Client who lost use of his right thumb due to negligence secures settlement
T had been playing in a cricket match when the ball hit the end of his right thumb, causing it to swell immediately. He attended accident and emergency at the Royal United Hospital in Bath and had an x-ray. The x-ray showed he had a fracture of the bone at the tip of his thumb (the interphalangeal joint) and he was put in a splint. At a follow up appointment ten days later, another x-ray was taken and the same treatment of a splint was given.
Despite wearing the splint and resting his hand over two months, the pain was not subsiding and he still could not move his thumb properly, however the fracture clinic continued to advise him to move his thumb as much as he could and told him that it would improve.
T went to see his GP to get another opinion and his GP suggested a further x-ray be taken. This x-ray showed that the extent of his fracture was more severe and also that he had a dorsal dislocation at the top of the thumb. T was referred to a specialist who explained that due to the delay in diagnosis, they would not be able to reconstruct his thumb like they would have done if it had been spotted immediately after his injury. Instead, the only option was to fuse his thumb joint in an operation.
Why was this negligent?
On behalf of T, Royds Withy King argued that the fracture clinic had been negligent in failing to properly analyse the x-rays that were taken after his injury. Although an intra-articular facture (a fracture where the break crosses into the surface of the joint) could have been seen on the first x-rays that were taken, the doctors did not spot it and so the severity of the break was not recognised meaning T received the wrong management.
How did this affect T?
T’s working life was greatly affected as a result of the delay in diagnosis. T had been a sign maker, but because of his injury, the types of jobs that he could do at work had to be changed as a result of the loss of dexterity in his thumb and others he worked with, including his father, had to do extra work to cover what he could not do. T was limited in his movement in all areas of his life because he needed to wear a splint for 4 months after the incident.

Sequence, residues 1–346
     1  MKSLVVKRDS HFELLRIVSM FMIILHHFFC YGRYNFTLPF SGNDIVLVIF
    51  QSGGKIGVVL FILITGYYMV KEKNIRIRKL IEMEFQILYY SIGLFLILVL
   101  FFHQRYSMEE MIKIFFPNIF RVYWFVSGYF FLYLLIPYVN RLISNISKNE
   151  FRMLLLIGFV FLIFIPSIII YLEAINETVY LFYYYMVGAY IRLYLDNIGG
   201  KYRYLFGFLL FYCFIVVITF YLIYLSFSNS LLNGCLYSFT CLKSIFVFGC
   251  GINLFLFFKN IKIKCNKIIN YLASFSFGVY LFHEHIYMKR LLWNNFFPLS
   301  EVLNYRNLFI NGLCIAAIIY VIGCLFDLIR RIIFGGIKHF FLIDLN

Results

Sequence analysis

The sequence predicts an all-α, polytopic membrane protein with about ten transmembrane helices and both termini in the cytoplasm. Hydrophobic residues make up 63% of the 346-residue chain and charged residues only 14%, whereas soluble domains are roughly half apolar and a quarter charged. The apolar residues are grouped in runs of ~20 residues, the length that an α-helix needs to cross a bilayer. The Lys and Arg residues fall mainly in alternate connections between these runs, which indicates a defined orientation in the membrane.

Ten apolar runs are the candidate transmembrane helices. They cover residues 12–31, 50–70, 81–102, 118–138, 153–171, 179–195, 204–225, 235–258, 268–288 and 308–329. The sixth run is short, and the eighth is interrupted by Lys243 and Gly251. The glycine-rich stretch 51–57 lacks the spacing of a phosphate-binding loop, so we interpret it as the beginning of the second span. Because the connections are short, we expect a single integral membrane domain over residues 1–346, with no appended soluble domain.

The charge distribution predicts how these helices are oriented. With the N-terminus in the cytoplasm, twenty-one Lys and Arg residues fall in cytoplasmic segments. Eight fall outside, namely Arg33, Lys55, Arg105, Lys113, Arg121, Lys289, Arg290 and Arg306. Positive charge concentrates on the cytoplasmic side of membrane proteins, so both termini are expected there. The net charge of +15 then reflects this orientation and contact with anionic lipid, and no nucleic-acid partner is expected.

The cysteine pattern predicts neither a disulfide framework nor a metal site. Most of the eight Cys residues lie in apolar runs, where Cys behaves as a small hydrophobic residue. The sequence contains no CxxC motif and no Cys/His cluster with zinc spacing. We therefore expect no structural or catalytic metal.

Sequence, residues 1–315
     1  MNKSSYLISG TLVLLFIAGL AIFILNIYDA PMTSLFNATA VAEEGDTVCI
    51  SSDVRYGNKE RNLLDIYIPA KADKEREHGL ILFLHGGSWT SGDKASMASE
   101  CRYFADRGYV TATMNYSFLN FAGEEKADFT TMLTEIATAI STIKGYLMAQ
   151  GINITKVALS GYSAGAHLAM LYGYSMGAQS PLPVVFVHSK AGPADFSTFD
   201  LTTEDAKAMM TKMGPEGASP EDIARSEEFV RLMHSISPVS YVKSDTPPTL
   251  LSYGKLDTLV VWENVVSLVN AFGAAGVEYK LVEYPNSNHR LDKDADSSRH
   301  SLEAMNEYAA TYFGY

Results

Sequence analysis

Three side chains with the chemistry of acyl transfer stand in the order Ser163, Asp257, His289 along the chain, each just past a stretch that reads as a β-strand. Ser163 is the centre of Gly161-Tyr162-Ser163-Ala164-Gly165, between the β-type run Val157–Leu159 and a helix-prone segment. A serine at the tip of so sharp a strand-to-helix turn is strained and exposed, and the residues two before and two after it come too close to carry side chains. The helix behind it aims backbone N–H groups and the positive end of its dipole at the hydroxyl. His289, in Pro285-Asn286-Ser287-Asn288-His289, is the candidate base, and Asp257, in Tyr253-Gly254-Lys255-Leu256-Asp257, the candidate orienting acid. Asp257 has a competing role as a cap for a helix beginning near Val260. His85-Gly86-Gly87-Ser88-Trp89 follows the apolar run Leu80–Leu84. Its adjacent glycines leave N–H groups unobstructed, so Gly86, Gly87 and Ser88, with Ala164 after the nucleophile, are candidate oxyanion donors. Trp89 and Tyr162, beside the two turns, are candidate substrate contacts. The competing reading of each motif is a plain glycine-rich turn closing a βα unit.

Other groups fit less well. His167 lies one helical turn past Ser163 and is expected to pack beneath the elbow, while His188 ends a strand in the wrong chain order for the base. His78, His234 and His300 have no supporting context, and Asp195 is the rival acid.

In addition, after T had undergone his thumb fusion procedure he was required to take 6 weeks off of work, as the procedure rendered his thumb immobile whilst it recovered.
T has also had to change the way he plays sport, which he loved to do prior to his injury and the misdiagnosis. Now, when he plays cricket or five-a-side football then he is forced to wear a large brace in order for his hand to be protected. This can make both sports more difficult to play, as he feels he has naturally become more clumsy as a result. He has also had to stop boxing, another sport that he loved, because he can no longer make a fist with his right hand.
T now has much more limited movement in his hand, and since the fusion has lost most of the mobility within his right thumb. This meant he was limited in some aspects of his work, and it prevented him from participating in some of his preferred sports safely.
How did Royds Withy King help?
Royds Withy King was able to successfully obtain damages for T, which compensated him for his pain and suffering and the fact it stopped him from partaking in some of the sports he loved. It also included his loss of earnings and a sum to reflect the future impact the injury will have on his ability to work.